© 2024 KALW 91.7 FM Bay Area
KALW Public Media / 91.7 FM Bay Area
Play Live Radio
Next Up:
0:00 0:00
Available On Air Stations

Antioch’s new mental health crisis team named for man who died in police custody

Seal of Antioch, California
Wikimedia Commons via Picryl.com
Seal of Antioch, California

In the past, mental health emergencies have always been handled by police, but this new team will now be the first to respond to non-violent, non-life-threatening 911 calls.

The team is named after Angelo Quinto, a 30-year-old Antioch resident and Filipino American Navy veteran who died after being restrained by police on Dec. 23, 2020.

Quinto was suffering from a mental health crisis when police arrived to his family's home nearly three years ago. Officers restrained him with force in a hold which has since been banned, while they waited for an ambulance.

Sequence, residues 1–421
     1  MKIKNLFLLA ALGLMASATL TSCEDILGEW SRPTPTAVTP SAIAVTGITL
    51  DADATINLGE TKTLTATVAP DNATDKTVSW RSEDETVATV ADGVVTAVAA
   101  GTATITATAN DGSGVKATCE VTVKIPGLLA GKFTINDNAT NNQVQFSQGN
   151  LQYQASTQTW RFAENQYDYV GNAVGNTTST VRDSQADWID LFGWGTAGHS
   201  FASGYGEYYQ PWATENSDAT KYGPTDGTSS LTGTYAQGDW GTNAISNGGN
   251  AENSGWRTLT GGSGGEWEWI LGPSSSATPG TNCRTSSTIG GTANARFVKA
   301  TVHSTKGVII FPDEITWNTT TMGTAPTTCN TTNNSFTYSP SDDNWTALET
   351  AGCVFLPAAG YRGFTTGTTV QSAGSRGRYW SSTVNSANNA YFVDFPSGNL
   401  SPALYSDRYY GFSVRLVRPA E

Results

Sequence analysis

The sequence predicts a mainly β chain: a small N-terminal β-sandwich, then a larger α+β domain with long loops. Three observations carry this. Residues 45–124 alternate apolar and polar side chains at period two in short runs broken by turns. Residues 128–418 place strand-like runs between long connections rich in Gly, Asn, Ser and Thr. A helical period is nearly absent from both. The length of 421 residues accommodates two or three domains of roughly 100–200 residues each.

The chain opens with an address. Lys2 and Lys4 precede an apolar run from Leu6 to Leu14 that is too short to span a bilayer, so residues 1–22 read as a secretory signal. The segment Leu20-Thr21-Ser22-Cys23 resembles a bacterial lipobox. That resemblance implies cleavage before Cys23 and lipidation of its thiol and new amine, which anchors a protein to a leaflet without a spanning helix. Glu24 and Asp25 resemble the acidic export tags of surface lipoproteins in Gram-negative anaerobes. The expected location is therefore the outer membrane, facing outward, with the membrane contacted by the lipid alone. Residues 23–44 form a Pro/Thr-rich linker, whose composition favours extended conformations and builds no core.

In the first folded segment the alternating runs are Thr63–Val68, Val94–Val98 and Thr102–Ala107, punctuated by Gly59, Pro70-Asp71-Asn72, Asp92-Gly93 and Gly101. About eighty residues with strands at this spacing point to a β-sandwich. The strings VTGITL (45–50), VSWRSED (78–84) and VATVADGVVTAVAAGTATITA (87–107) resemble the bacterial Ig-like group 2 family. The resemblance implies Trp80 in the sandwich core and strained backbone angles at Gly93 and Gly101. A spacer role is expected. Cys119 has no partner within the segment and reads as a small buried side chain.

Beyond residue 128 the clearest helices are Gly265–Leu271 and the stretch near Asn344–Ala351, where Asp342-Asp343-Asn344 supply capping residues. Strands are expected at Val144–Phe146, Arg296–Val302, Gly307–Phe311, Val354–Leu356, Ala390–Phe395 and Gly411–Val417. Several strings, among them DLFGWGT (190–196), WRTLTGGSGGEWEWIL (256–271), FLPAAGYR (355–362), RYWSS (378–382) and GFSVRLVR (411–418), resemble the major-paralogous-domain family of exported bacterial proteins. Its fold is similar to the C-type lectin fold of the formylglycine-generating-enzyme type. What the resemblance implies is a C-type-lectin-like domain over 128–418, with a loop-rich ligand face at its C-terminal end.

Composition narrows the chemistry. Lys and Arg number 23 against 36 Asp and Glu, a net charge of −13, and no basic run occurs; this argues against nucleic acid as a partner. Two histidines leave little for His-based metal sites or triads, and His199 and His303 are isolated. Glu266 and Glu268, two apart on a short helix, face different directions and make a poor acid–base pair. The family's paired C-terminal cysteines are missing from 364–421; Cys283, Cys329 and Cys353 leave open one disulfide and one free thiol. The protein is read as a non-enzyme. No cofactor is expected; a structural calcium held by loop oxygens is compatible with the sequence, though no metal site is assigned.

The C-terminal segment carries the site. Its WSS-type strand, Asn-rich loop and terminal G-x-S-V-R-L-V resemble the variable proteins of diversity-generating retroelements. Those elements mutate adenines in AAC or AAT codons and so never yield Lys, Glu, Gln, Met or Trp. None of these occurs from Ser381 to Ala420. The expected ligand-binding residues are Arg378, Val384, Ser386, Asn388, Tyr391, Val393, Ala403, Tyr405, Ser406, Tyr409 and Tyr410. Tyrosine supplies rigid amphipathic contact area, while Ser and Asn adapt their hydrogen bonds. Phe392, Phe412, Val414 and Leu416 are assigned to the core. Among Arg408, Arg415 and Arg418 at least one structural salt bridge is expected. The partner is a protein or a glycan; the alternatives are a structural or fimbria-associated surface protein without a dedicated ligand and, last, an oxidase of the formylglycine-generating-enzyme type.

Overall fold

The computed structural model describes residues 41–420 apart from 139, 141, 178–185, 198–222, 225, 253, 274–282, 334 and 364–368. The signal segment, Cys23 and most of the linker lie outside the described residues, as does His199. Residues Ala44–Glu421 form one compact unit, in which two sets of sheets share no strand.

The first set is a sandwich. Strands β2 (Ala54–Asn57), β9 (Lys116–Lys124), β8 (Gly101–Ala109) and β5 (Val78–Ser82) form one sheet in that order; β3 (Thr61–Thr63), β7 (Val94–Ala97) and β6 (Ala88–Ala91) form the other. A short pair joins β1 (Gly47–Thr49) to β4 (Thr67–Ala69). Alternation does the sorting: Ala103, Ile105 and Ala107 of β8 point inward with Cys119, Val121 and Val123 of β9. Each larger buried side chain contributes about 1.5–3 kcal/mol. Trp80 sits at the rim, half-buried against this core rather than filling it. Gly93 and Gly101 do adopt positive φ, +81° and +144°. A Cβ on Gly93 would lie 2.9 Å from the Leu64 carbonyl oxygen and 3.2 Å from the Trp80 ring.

But when paramedics arrived, Quinto was unresponsive. He died later that day at the hospital.

Though the Contra Costa District Attorney's Office declined to press charges following Quinto’s death, they and the FBI are now investigating the Antioch Police Department for a number of alleged civil rights violations.

Antioch Mayor Lamar Thorpe said this incident prompted much of the city’s police reform efforts of the past few years, as well.

The city has organized the new mental health crisis team program with the Felton Institute, a Bay Area social services provider. They will track calls to connect those needing the crisis team to local services that can help.

The annual cost of this response team is estimated to be between $1.8 million and $2.2 million. And, various cities around the Bay Area are working on following suit.

Hanisha Harjani is in the KALW Summer Training Program and produces news stories for Crosscurrents